If you're a follower of the softball teams in the five Elgin area District U-46 high schools, take a minute to check out today's previews on those teams.
One thing will jump out at you pretty quickly. They all have experience.
Not in several years can we say the five U-46 schools have this much experience returning at the varsity level, and what that should lead to is each of them being competitive within their divisions of the Upstate Eight Conference and with each other and the other teams on their schedules.
We won't pretend to think that any of these teams can win a state championship. Fact is, they are not among the elite teams in the state. But it is heartwarming to see that in our little corner of the world, softball appears to be on an upswing.
"It hasn't happened in a while where we all have some good experienced players back," said Larkin coach Larry Hight, the dean of U-46 softball coaches now entering his 16th season at the helm.
There are a couple of reasons for this improvement. One is the longevity of the district's coaches. In addition to Hight starting his 16th season, Jim Wolfsmith is in season No. 8 at Bartlett, and Jason Schaal is in his sixth year as South Elgin's only coach. Nick Baird is in his third year at Streamwood, and Chad Dahlman, while in just his second year as elgin's head coach, spent a few years as a Larkin assistant before that.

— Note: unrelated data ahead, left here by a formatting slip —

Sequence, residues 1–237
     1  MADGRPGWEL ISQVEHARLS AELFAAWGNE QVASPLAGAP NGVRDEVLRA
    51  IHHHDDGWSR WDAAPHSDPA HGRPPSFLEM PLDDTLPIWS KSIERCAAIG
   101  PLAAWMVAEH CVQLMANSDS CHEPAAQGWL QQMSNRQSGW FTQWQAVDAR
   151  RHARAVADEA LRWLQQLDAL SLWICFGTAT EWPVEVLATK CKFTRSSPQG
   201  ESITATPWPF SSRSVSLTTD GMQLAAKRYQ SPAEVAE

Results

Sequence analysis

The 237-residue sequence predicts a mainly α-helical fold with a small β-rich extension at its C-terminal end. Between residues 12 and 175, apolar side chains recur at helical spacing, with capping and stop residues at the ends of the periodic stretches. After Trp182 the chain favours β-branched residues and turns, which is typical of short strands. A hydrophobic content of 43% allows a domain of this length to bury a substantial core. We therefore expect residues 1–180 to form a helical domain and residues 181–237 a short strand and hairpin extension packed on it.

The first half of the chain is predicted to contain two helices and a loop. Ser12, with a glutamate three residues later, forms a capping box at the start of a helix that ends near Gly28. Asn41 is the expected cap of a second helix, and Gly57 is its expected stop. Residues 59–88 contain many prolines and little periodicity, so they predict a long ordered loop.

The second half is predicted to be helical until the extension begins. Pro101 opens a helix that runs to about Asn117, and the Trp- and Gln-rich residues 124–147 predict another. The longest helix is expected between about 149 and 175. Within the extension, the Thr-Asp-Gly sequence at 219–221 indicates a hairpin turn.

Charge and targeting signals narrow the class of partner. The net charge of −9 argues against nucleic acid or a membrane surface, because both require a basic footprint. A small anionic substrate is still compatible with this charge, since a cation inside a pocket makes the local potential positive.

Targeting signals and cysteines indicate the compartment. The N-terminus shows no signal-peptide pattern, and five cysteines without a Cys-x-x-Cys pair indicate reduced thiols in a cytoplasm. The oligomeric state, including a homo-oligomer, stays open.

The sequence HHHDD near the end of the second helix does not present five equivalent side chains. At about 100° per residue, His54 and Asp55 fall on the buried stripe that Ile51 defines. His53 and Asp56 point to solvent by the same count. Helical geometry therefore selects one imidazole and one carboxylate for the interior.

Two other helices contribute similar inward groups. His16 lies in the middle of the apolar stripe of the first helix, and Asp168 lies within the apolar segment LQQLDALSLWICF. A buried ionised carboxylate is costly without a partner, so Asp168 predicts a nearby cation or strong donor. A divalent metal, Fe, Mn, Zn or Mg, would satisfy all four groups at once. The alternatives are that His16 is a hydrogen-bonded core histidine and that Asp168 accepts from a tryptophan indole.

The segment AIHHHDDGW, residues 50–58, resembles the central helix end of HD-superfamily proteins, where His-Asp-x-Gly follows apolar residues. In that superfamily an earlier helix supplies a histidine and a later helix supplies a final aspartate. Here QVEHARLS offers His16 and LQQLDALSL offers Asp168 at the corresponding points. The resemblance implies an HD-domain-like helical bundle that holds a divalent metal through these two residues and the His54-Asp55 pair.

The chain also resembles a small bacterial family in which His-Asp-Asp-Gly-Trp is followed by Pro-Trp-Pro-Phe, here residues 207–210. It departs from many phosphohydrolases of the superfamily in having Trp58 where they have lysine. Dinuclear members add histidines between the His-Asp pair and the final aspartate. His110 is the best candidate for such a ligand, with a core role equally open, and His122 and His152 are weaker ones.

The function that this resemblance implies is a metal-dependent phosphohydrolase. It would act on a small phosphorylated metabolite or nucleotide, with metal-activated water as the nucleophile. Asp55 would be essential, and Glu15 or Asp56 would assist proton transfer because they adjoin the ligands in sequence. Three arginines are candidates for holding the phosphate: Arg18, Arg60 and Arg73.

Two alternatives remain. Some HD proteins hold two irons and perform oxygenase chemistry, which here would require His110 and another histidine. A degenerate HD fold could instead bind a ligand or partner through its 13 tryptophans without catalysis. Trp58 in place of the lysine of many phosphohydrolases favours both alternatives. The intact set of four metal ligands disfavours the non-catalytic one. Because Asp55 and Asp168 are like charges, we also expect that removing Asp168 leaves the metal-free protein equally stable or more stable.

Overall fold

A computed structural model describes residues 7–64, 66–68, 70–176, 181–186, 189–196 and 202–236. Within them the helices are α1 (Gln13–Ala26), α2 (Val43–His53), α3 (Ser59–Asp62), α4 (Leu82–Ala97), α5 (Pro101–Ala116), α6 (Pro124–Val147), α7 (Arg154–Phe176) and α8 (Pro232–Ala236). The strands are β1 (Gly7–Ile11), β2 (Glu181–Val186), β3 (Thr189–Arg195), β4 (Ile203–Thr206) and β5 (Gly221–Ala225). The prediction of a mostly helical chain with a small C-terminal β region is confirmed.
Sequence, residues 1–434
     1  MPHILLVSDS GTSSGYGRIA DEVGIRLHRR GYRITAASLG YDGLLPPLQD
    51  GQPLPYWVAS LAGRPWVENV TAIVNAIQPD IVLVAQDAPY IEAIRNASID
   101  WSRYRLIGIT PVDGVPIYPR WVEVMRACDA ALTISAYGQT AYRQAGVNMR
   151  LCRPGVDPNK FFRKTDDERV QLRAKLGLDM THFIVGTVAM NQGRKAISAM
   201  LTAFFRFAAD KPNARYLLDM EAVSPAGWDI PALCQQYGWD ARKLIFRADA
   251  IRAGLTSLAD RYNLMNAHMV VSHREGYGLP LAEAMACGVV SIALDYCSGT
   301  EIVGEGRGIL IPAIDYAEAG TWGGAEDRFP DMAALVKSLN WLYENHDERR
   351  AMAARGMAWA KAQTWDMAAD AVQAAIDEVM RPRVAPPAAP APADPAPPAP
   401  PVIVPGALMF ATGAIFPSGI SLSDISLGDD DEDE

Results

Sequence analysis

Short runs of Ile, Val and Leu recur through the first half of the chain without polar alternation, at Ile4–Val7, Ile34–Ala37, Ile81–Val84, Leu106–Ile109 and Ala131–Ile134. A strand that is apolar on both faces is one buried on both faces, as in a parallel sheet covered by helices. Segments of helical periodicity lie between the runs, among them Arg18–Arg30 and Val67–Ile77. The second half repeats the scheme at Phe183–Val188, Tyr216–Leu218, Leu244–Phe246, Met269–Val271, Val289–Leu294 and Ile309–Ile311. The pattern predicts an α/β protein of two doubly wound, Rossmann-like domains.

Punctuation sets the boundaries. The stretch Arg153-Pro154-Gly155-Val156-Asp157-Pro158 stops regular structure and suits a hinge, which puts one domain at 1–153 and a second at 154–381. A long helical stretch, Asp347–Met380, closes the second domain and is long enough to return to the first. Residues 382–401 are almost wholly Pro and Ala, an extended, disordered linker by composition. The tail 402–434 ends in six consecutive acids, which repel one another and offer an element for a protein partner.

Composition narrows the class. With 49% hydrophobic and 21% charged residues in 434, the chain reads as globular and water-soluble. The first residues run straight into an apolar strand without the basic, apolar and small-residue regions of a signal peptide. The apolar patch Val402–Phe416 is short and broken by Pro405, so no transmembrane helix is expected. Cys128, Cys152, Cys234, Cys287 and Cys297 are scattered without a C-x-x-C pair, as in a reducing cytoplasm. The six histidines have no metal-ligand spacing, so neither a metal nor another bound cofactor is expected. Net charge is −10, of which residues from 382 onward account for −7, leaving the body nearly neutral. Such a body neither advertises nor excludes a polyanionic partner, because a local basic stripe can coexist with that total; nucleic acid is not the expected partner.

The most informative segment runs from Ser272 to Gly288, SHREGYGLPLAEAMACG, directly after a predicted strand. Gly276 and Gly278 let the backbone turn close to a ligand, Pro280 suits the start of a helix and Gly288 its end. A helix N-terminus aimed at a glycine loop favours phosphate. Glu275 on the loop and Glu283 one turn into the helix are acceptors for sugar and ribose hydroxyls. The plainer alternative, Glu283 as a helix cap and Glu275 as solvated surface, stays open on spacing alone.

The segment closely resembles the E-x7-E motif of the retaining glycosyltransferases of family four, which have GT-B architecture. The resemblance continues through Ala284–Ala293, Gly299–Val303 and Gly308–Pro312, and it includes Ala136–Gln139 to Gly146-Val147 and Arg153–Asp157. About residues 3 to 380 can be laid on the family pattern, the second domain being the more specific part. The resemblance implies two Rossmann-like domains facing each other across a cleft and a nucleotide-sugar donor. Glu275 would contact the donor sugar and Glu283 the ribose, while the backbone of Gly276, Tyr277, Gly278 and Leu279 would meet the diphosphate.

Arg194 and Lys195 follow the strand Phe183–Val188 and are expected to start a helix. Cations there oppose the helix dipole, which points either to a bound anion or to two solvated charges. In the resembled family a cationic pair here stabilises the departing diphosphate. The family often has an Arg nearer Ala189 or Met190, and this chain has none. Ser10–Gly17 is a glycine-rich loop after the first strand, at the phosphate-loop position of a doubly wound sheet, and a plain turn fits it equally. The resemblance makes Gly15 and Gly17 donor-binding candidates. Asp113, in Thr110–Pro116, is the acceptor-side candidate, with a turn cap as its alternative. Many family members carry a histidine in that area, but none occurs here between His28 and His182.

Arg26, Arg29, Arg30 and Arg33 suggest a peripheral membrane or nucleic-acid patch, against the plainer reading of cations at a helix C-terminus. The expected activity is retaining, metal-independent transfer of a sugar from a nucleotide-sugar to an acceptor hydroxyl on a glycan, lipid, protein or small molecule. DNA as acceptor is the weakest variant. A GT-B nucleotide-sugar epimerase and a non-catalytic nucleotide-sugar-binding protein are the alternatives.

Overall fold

"Consistency," said Schaal. "There hasn't been a big turnover in coaches the last couple years and I think that's helped see an improvement in numbers."
Pitching depth is another reason things should be more competitive this season. Whole Bartlett did lose Butler freshman Callie Dennison to graduation, the Hawks have some good young arms and every other team in the district has at least their starter back if not more. Junior Hannah Perryman at Elgin can be dominant, senior Megan Johnson at Larkin has great leadership abilities, senior Kelsey Johnson at Streamwood has experience and junior Sam Bolin at South Elgin is a horse.
So while I won't try to say that the days of Jenny Parks, Michelle Dickerson, Elizabeth Waller, Aimee Thompson, Tami Potter, Julie Filson, Kelli Whipple (OK, stop me) are back, it does appear we have at the very least some good experience in the circle this spring.
The other more defining reason U-46 softball is on the rise is that more and more girls within the district are playing softball in the summer. While some are still involved in Little League, which does a great job of teaching young girls fundamentals, there's also an increased interest in travel softball, which is the avenue any girl aspiring to play in college must take.
Wolfsmith's Bartlett program has had the most success of the U-46 programs the past few years and he attributes that directly to the Bartlett Silver Hawks travel program which, at the 18U level, has won two of the last three ASA Northern National championships.
"Overall in general I think the quality of softball and the talent level has risen," Wolfsmith said. "It goes hand-in-hand with summer ball. U-46 teams have more travel players and they're coming into high school ready to play.